Taiwan is to benefit from growing adoption of millimeter-wave (mmWave) technology, open platform base stations and new breeds of notebook computers powered by Arm Ltd chips, given its comprehensive semiconductor supply chains, a Qualcomm Inc executive said yesterday.
With high bandwidth of 28-gigahertz, mmWave technology is bringing gigabit-speed and low latency similar with fiber networks, enabling new applications that 4G technology cannot support, Qualcomm senior vice president of manufacturing technology and operations Roawen Chen (陳若文) said at a virtual meeting.
More than half of mmWave production value would come from non-smartphone areas that include smart manufacturing and autonomous systems, Chen said.
Photo: Vanessa Cho, Taipei Times
Qualcomm expects mmWave technology to help drive US$13.2 trillion in production value in 2035, with about US$4.77 trillion coming from the smart manufacturing segment.
Smartphones are to generate much lower production value at US$2.22 trillion, the company said.
Devices supporting mmWave technology consume much more silicon content, or chips, than those for sub-6-gigahertz technology and 4G LTE technology, Chen said.
“As Taiwan has the world’s most comprehensive [semiconductor] ecosystem, the mmWave technology will be a boon to the country,” he said.
Using base stations based on open radio access network (O-RAN), or virtualized radio access network (vRAN), opens the door for Taiwan’s networking equipment manufacturers to make inroads into the telecom sector by supplying small cell base stations, he said.
Such stations are the most important building block for O-RAN networks, Chen said.
The telecom segment is a much “bigger and sweeter pie” than the data communications segment, which local networking equipment makers now supply Wi-Fi products, he added.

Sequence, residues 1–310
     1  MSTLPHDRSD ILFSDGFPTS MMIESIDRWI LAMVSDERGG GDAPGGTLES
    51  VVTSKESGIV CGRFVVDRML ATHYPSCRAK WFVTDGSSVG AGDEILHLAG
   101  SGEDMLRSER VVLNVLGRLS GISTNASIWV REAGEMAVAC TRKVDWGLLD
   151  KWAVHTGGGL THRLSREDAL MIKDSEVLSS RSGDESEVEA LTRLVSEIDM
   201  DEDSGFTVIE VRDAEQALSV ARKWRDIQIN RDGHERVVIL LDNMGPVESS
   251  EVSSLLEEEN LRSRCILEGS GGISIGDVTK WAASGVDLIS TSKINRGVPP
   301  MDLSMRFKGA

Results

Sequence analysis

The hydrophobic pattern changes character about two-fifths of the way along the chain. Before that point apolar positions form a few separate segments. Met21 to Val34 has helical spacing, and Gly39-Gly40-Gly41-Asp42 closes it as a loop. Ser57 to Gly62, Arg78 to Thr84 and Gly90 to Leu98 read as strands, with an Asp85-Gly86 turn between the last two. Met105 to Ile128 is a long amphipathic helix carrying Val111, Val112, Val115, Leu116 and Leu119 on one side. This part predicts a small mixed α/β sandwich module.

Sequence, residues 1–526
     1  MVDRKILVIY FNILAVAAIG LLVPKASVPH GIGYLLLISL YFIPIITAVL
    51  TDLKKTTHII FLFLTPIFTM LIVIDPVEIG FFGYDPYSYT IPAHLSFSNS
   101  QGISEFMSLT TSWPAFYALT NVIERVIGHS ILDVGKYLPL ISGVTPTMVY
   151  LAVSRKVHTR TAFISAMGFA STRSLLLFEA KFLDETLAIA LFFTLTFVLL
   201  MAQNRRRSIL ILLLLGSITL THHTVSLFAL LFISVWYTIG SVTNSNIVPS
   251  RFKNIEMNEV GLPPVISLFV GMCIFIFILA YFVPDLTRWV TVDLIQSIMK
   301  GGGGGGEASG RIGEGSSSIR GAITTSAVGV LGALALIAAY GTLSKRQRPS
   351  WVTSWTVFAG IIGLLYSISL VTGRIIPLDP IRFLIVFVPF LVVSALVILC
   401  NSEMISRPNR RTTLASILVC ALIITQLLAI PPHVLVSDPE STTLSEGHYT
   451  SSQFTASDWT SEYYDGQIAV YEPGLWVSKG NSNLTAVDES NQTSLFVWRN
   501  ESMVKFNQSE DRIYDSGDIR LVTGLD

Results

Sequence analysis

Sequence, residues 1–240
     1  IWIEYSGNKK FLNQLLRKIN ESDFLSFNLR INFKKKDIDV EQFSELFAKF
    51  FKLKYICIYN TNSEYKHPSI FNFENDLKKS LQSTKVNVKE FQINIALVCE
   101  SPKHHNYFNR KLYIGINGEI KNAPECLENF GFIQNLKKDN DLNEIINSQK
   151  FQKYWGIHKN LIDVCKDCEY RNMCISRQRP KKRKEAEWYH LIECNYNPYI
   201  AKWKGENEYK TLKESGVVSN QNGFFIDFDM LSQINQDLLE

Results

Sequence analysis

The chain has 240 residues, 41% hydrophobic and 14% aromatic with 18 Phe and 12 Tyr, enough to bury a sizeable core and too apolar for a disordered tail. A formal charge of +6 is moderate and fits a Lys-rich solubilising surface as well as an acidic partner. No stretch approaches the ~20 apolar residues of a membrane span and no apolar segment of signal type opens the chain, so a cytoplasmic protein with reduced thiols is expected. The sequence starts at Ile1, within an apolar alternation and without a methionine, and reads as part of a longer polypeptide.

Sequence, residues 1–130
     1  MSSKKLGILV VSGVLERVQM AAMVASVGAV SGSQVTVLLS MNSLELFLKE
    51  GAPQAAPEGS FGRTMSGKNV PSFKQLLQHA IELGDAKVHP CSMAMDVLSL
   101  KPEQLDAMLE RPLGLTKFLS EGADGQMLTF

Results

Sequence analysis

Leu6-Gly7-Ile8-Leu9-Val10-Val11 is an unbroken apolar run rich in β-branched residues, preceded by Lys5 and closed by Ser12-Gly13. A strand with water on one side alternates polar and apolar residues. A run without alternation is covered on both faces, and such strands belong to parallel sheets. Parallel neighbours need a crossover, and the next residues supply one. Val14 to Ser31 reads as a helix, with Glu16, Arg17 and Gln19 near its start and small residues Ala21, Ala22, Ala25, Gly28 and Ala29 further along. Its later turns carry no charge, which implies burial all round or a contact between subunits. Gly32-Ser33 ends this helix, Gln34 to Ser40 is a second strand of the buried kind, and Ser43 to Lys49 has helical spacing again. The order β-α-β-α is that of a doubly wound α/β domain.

An O-RAN-based or vRAN-based base station works on an open platform, making it easier for new telecoms to build 5G networks fast and cost-effectively.
Such stations are different from traditional and closed-loop base stations designed by existing suppliers, Nokia Oyj, Ericsson AB and Huawei Technologies Inc (華為), Chen said.
Geopolitical tensions between the US and China are providing an opportunity for Taiwanese companies to build their presence in the telecom market, as most countries are trying to avoid Chinese-made base stations due to national security concerns, he said.
Equipment maker Sercomm Corp (中磊) said it has been developing small cell base stations for more than a decade, but its stations had not been adopted until this year — by Chunghwa Telecom Co (中華電信), which is building a 5G mmWave private enterprise network for ASE Technology Holding Co (ASE, 日月光投控).
Telecoms have shown a stronger interest over the past six months in deploying O-RAN-based base stations due to their lower costs, Chen said.
Japan’s Rakuten Mobile Inc was the first telecom to build its 5G network using virtualized techniques, he said.
Apple Inc’s announcement that it would use its own ARM-based M1 chip instead of Intel Corp chips for its new notebook computer next year would create new opportunities for Taiwanese firms, as they no longer have to rely on Window’s Intel structure to build their computers, Chen said.
Taiwanese companies can design and make their chips for PCs and servers in Taiwan, a sign that most of the PC value chain is going to stay in Taiwan, he said.
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